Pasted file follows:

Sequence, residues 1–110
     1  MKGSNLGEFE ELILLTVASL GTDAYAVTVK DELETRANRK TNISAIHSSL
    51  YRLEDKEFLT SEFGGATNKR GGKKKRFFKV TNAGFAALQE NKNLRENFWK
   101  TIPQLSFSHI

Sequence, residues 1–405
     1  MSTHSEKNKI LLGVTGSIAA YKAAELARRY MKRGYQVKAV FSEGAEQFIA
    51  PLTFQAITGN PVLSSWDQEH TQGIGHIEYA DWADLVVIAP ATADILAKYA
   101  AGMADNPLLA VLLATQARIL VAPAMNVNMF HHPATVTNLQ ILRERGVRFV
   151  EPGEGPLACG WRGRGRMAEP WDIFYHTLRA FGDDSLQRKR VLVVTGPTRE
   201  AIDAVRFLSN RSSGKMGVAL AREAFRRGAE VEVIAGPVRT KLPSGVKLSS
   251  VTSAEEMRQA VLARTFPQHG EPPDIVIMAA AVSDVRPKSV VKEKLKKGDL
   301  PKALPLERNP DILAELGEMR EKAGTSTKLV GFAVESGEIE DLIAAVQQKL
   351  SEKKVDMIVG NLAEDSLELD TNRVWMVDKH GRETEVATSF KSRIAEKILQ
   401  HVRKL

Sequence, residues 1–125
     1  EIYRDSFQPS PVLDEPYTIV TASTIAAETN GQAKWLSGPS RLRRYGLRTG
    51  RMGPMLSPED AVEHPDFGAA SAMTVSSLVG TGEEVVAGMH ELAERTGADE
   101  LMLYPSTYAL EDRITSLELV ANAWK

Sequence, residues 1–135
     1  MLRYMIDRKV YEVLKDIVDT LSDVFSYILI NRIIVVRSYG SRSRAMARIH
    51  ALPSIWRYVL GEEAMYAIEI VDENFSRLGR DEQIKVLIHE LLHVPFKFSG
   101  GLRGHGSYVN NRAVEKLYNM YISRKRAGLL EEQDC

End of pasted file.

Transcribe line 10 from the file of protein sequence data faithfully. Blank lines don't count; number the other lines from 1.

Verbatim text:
   201  AIDAVRFLSN RSSGKMGVAL AREAFRRGAE VEVIAGPVRT KLPSGVKLSS